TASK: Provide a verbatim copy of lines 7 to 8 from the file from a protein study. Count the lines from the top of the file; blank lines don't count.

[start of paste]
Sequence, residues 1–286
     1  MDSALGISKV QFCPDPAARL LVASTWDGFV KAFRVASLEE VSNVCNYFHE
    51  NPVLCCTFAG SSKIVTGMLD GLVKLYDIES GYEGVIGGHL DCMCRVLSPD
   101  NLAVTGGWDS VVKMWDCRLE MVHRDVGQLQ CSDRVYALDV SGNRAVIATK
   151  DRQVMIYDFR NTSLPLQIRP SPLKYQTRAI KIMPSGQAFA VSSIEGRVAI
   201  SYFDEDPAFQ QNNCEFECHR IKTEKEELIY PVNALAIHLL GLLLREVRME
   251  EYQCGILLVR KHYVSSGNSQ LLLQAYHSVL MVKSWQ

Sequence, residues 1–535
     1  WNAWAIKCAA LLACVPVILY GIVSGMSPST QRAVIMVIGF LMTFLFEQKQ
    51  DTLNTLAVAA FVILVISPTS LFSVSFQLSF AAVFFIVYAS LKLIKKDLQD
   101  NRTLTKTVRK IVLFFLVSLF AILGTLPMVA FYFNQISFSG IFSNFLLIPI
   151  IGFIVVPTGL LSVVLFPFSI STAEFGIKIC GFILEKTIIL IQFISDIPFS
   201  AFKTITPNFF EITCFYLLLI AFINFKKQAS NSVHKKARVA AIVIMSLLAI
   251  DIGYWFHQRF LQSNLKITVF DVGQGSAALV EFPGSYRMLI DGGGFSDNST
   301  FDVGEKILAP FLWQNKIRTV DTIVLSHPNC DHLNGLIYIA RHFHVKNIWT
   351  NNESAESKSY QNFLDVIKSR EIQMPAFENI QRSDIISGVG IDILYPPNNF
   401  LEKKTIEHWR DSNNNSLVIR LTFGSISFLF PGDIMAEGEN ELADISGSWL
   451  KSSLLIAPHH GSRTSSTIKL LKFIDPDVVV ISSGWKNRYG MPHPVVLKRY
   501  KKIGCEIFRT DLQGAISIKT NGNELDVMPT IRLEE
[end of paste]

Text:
   251  EYQCGILLVR KHYVSSGNSQ LLLQAYHSVL MVKSWQ

Sequence, residues 1–535